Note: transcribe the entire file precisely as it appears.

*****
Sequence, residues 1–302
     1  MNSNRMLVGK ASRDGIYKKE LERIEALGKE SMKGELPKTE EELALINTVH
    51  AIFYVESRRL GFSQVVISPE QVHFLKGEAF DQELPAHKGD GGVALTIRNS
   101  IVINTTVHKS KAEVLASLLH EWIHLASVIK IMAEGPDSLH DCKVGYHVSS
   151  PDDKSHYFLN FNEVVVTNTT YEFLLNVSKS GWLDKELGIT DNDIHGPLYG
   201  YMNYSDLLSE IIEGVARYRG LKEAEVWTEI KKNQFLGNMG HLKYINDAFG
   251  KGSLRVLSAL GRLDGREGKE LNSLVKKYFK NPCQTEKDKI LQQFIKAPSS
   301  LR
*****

Sequence, residues 1–302
     1  MNSNRMLVGK ASRDGIYKKE LERIEALGKE SMKGELPKTE EELALINTVH
    51  AIFYVESRRL GFSQVVISPE QVHFLKGEAF DQELPAHKGD GGVALTIRNS
   101  IVINTTVHKS KAEVLASLLH EWIHLASVIK IMAEGPDSLH DCKVGYHVSS
   151  PDDKSHYFLN FNEVVVTNTT YEFLLNVSKS GWLDKELGIT DNDIHGPLYG
   201  YMNYSDLLSE IIEGVARYRG LKEAEVWTEI KKNQFLGNMG HLKYINDAFG
   251  KGSLRVLSAL GRLDGREGKE LNSLVKKYFK NPCQTEKDKI LQQFIKAPSS
   301  LR